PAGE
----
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Tuesday, April 11, 2017


Indonesia can be a truly beautiful land. You're probably imagining walking alone on pristine beaches or dipping your toes into a blue ocean, you might envision angry volcanoes or maybe a plethora of wildlife and rainforest canopies. These are all true depictions of this amazing country yet there are contradictions too, often separating the rural from the urban.

dredging rivers for the first time since the 1970's
These differences show themselves in a variety of ways The first of which is how, if you live in or visit the capital, that the Jakarta government can spend buckets of money cleaning up the waterways of the capital in an effort to reduce the annual flooding, yet at the same time not address the problem of trash and litter which is one of the primary causes of the blockages in the first place. There are absolutely no meaningful attempts to encourage recycling or repackaging and you will very quickly tire of seeing unbelievable ignorance in the form of plastic containers being casually tossed from car windows. This ignorance is not the consequence of a lack of either education or means as the behaviour comes from both public minibus  angkots and Mercedes alike.
There is a heartbreak attached to looking out over a sea of beautiful rice paddies, being tended by men and women in coolie hats which encourages you to consider simpler, earlier times but this image is then shattered by glancing slightly left and seeing a festering pile of plastic filled refuse. This is something many visitors to the 5-star hotels of Bali rarely see but something those who choose to travel into the heartlands will be only too acutely aware of.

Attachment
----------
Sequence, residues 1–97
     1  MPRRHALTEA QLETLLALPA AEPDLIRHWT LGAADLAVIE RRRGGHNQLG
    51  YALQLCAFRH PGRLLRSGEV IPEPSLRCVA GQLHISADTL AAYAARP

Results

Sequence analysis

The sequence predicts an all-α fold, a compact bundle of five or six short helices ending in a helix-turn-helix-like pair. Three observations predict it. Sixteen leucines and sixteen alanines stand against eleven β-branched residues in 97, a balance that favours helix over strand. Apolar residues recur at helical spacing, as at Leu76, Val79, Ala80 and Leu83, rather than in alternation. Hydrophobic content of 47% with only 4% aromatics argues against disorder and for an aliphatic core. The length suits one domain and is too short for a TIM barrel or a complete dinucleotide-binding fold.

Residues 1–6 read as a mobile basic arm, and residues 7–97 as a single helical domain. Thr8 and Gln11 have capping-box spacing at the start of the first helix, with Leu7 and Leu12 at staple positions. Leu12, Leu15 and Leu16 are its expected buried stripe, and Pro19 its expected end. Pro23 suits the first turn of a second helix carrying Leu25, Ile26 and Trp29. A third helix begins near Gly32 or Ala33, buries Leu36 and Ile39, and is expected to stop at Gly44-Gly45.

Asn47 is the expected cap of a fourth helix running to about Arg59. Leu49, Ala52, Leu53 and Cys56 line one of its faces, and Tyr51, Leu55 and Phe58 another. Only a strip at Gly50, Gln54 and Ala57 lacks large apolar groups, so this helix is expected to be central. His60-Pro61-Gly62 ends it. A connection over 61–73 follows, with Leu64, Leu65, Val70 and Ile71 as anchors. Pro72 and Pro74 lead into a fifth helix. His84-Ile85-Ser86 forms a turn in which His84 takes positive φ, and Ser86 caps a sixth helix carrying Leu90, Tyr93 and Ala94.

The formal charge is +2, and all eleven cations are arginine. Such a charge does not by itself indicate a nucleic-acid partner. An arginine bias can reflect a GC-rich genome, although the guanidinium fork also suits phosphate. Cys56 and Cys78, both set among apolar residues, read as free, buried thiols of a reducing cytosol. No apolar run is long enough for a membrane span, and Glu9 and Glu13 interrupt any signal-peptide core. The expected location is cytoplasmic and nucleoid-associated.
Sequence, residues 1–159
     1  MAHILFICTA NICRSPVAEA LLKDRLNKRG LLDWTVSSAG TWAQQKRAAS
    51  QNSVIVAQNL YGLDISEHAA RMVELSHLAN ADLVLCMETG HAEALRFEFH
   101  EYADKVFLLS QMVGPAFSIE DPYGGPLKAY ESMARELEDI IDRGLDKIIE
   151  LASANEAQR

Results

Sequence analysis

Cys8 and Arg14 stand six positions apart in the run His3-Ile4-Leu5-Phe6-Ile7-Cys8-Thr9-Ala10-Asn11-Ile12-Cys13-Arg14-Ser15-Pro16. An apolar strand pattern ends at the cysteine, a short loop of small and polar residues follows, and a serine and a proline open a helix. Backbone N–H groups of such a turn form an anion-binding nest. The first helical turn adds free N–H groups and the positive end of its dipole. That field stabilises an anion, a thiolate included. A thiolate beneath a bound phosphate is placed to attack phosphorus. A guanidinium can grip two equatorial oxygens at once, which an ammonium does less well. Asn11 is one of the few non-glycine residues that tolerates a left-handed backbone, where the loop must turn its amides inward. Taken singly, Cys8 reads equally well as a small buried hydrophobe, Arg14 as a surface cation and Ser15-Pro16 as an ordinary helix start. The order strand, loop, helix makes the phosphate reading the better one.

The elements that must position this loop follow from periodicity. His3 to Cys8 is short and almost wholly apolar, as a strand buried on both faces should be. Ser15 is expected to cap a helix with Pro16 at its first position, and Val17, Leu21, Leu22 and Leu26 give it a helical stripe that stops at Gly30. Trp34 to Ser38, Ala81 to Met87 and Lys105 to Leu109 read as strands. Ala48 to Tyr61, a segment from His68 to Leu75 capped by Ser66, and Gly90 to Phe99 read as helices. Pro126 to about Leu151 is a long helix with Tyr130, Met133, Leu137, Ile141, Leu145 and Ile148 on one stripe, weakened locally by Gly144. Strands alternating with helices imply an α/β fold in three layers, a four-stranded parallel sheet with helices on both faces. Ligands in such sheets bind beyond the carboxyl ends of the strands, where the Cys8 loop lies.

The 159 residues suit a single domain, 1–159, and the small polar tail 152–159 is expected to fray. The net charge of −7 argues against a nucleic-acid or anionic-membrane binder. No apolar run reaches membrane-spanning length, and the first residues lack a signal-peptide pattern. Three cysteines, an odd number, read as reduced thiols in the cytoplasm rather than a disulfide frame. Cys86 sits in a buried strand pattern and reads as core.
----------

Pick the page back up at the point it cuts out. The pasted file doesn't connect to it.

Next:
a common sight in Jakarta

With the fourth largest population in the world, it often appears to visitors that the majority of Indonesia's residents believe that having a large family takes precedence over managing the resources needed to accommodate the rapidly increasing number of people living here. This lack of foresight then rears its head in the expanding borders of cities, need for housing and related facilities and the consequent reduction in green areas. According to statistics published by The World Bank, Indonesia's child mortality rate (under 5's) has dropped from 226 deaths per thousand live births in 1960 to just 27 in 2015 so the excuse of having big families to replace siblings who would statistically die really doesn't apply anymore. Increasingly,
I'd like to say this is's not
the inability to care for, educate, and provide working opportunities to the populace provides the observer with too many examples of poverty such as beggars and sex trade workers, eager to make whatever living they can. Organised religions need to take their share or responsibility for this irresponsibility as much as the government.

This growing population also needs to be mobile as living in satellite cities and commuting to work requires transportation. Rather than focus on improving public transport, until recently the contradiction, unbelievably, was to even go so far as to make cheap, small engine cars available as an alternative to motorbikes, and this is on roads already congested and often gridlocked due to a lack of investment, lack of control over the quality and administration of the vehicles and owners, and the policing of these things. That many of Indonesia's roads are toll roads, one wonders how the money taken at the toll gates is used.